May 2002

Policy failures may cause nuclear waste crisis, say scientists, May 3, 2002
By Steve Connor, Science Editor

[Posted 06/05/2002]

Britain's nuclear waste problem could soon develop into a full-blown crisis if the Government fails to formulate a viable long-term policy on how to tackle the problem, senior scientists warned yesterday.

A report by the Royal Society says that Britain has failed over a period of several decades to address an issue that is going to get far worse as existing nuclear power plants are decommissioned.

The Royal Society scientists found that some nuclear waste is not stored as safely as it should be and that the public has lost confidence in the supposedly independent bodies that are charged with overseeing its safety.

"There is a serious and urgent problem of how to manage and dispose of the legacy of 50 years of nuclear waste production by the nuclear weapons programme and the civilian nuclear industry," said Professor Geoffrey Boulton, a geologist from Edinburgh University who chaired the inquiry.

"There are now more than 10,000 tons of waste mainly stored at Sellafield in Cumbria but also at Dounreay in Scotland. Even if there is no further construction of nuclear power generation plants, the decommissioning of existing plants would produce a fiftyfold increase in waste over the next few decades. So the issue is serious, and it is large," Professor Boulton said.

Successive governments have postponed the politically contentious decision on what do with the high-level and medium-level waste that has accumulated since Britain began its nuclear programme in the early 1950s.

At present, the waste, which can remain radioactive for many centuries, is stored above ground in waste tanks but many scientists would like it buried deep underground in long-term repositories after it has been safely "encapsulated" in ceramic or glass blocks.

Professor Boulton said: "For 30 years the UK has singularly failed to create a publicly acceptable policy for the management and ultimate disposal of these potentially harmful wastes. It is time we broke out of this weary merry-go-round.

"One of the most, possibly the most, immediate and difficult problem is not a scientific or technological one. There has been a failure to recognise the need for the public understanding of policies related to toxic wastes with a lifetime far in excess of the lifetime of current generations and indeed of many generations to come."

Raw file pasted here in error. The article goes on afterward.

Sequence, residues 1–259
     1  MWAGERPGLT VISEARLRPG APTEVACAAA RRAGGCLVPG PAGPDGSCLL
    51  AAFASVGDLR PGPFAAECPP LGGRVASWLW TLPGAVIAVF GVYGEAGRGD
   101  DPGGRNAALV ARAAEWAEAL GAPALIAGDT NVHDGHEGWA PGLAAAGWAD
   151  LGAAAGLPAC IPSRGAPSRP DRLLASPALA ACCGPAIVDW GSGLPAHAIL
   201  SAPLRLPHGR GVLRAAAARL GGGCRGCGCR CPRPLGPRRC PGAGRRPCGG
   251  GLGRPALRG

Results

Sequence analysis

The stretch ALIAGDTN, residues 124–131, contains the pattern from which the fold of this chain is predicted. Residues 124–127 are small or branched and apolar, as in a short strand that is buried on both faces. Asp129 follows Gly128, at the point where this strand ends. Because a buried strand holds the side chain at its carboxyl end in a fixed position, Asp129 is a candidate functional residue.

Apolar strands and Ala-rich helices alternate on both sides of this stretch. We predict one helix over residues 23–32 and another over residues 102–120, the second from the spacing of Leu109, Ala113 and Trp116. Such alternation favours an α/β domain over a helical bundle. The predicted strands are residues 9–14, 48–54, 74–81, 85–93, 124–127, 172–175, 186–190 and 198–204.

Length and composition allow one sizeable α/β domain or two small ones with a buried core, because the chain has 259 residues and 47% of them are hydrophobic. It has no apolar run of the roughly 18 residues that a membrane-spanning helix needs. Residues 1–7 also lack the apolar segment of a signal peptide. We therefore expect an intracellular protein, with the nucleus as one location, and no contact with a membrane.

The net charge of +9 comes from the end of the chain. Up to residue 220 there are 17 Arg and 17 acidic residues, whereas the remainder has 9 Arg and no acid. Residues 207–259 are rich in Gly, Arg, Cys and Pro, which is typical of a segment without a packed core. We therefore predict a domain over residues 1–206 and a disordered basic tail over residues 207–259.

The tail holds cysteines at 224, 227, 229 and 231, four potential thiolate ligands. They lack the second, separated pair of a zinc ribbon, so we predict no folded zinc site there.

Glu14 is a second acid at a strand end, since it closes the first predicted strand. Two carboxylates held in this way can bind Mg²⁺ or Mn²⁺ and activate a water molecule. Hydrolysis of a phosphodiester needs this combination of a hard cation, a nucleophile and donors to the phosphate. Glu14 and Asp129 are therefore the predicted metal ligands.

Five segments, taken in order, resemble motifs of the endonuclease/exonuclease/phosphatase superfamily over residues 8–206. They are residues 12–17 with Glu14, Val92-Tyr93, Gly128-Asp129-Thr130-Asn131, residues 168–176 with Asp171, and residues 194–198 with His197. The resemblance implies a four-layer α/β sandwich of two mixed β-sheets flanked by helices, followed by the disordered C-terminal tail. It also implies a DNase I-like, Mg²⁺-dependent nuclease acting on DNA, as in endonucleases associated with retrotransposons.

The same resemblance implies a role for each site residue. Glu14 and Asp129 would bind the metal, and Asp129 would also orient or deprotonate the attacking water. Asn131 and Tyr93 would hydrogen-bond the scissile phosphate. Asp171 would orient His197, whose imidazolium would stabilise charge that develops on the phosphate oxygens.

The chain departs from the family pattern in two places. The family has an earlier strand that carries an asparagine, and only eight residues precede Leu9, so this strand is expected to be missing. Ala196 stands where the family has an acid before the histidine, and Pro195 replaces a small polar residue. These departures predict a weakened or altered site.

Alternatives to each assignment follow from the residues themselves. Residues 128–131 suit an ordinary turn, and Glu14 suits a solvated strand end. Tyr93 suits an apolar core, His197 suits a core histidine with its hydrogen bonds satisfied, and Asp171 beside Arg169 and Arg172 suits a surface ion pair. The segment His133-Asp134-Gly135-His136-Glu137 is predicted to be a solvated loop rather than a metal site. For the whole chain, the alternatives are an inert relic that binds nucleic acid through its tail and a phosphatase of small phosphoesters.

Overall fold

The report by the Royal Society, which was produced in response to a government consultation exercise, found that the nuclear industry had assumed that the problem of waste was one of simple engineering. It also assumed that the disposal of waste could be achieved rapidly while the waste was still being accumulated, the society says.

"The industry therefore seems to have regarded treatment of waste as of secondary importance, and to have focused its efforts on countering what it saw as unfounded hostile public opinion and on economic concerns," the report says. "We believe that today's problems are more serious than currently acknowledged and that a fundamental cause of them has been the error of the above assumptions."

It is estimated that it may now cost more than £85bn to tackle the waste products accumulated from the civilian and military nuclear programmes. The liabilities may increase still further if power plants start to burn mixed oxide fuel (Mox) since there is still no proven method of safely encapsulating spent Mox fuel for long-term storage, the Royal Society says.

Professor Boulton said: "We recommend as a matter of urgency that the best available technologies are applied to the 90 per cent of the waste that is still unencapsulated so as to improve safety in storage."

The Royal Society criticised the Department of Environment, Food and Rural Affairs (Defra) which is responsible for formulating the Government's policy on nuclear waste.

"We believe that a much more radical approach is needed than that identified by Defra. The first thing to recognise is that the current institutions do not command the public confidence that is required," Professor Boulton said.

"They are perceived as over-secretive and over-confident in making claims about benefit, cost and safety which has subsequently been proved false. We suggest that an independent, authoritative, transparent and accountable waste management commission is needed."

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